Understanding Suicide Prevention: A Psychiatrist’s Perspective

suicide prevention

Understanding Suicide Prevention: A Psychiatrist’s Perspective

September is Suicide Prevention Month, and as a specialist psychiatrist, I believe it is crucial to raise awareness about this deeply concerning issue. Suicide is a global public health problem, and its impact is far-reaching, affecting individuals, families, and communities.

The Alarming Statistics

Before delving into the strategies for suicide prevention, it’s essential to acknowledge the sobering statistics. According to the World Health Organization (WHO), nearly 800,000 people die by suicide worldwide every year. That’s one person every 40 seconds. It is the 10th biggest cause of death worldwide.

Understanding the Complexities

Suicidal thoughts and behaviors are often the result of a complex interplay of biological, psychological, and social factors. As a psychiatrist, I have seen firsthand how mental health conditions such as depression, anxiety, bipolar disorder, substance abuse and personality disorder can significantly increase the risk of suicide. These conditions can make individuals feel overwhelmed, hopeless, and isolated. It is imperative to recognize that suicidal individuals are not seeking death; they are seeking relief from unbearable emotional pain. This understanding forms the basis for effective intervention and prevention.

The Role of Awareness

One of the most critical steps in suicide prevention is raising awareness. By openly discussing suicide and its risk factors, we can help reduce the stigma associated with seeking help. It is essential for individuals to understand that seeking assistance for mental health issues is a sign of strength, not weakness.

For loved ones and friends, it is essential to learn the warning signs of suicide, such as withdrawal from social activities, increased substance use, giving away possessions, or expressing a desire to die. Awareness allows us to recognize when someone might be struggling and reach out to offer support.

Families and Friends

For friends and family members, it is indispensable to offer a listening ear and emotional support to loved ones who may be struggling. Encourage them to seek help and be there to assist in finding appropriate resources. Listen carefully to them and provide a compassionate, non-judgemental ear.

Additionally, helplines and crisis services are available 24/7 to provide immediate assistance to those in need. The Openminds Psychiatry Counselling and Neuroscience Centre is happy to provide help at any time.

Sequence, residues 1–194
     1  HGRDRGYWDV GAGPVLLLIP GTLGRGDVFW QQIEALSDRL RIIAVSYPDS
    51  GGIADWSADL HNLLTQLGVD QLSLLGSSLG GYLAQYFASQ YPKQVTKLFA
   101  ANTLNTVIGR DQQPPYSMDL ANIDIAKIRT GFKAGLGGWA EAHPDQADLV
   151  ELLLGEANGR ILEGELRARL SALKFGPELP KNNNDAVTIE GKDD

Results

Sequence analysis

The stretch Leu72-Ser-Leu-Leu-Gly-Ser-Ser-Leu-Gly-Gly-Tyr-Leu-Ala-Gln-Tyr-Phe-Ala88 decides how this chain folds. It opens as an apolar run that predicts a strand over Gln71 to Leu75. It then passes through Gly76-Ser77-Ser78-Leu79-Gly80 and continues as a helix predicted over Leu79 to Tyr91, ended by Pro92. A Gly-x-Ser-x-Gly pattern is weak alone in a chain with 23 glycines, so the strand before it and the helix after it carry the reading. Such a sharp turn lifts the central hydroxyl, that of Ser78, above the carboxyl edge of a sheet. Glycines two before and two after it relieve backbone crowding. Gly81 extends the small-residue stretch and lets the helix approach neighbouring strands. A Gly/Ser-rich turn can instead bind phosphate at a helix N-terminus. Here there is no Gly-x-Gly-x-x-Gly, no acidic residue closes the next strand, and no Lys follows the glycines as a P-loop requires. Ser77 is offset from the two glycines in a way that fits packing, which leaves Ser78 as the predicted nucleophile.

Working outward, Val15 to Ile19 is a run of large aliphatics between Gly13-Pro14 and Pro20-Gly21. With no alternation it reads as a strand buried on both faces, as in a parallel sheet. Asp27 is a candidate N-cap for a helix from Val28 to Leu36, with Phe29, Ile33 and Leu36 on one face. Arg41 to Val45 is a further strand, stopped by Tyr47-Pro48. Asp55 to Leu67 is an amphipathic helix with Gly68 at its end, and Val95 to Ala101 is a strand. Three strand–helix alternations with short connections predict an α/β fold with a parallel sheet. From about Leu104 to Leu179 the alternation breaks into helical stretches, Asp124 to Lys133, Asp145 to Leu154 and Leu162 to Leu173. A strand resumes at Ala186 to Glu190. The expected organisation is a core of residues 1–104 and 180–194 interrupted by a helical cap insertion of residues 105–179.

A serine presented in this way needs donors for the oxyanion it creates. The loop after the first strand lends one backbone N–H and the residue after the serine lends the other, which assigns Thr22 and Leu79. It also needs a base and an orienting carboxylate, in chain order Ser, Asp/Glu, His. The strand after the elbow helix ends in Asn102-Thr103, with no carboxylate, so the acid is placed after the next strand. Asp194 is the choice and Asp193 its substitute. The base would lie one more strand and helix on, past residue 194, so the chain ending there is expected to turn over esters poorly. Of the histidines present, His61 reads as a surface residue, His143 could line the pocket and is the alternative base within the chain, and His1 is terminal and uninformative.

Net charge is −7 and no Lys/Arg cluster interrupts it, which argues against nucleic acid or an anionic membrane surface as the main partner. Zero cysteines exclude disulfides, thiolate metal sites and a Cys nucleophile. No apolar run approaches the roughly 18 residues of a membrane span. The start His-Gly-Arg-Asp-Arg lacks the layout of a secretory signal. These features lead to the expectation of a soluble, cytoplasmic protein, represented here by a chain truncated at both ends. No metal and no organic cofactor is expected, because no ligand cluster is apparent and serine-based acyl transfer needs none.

Community Support

Communities play a vital role in suicide prevention. Schools, workplaces, and neighbourhoods can promote mental health awareness and create supportive environments. By fostering connections and reducing isolation, we can create a safety net for those at risk of suicide.

Seeking Help

As a specialist psychiatrist, I encourage individuals experiencing emotional distress or thoughts of suicide to seek professional help. Mental health professionals, including psychiatrists, psychologists, and therapists, are trained to provide effective treatment and support. Timely intervention can make a significant difference in someone’s life and prevent suicide.


Suicide prevention is everyone’s responsibility. As a specialist psychiatrist, I urge all of us to take action during Suicide Prevention Week and beyond. By understanding the complexities of suicide, raising awareness, seeking help when needed, and fostering supportive communities, we can make a significant impact in reducing suicide rates.

Remember that there is hope, and help is available. Together, we can save lives and honor the spirit of Suicide Prevention Week by showing compassion, empathy, and support to those in crisis. Let us work tirelessly to make suicide prevention a priority and create a world where every life is valued and protected.

specialist psychiatrist

Dr. Inas Salem

Specialist Psychiatrist

Dr. Inas is an experienced and skilled specialist psychiatrist with over 20 years’ experience in mental and general hospitals. She is approachable, understanding and devoted; she performs a detailed history and examination, leading to a precise and comprehensive diagnosis.


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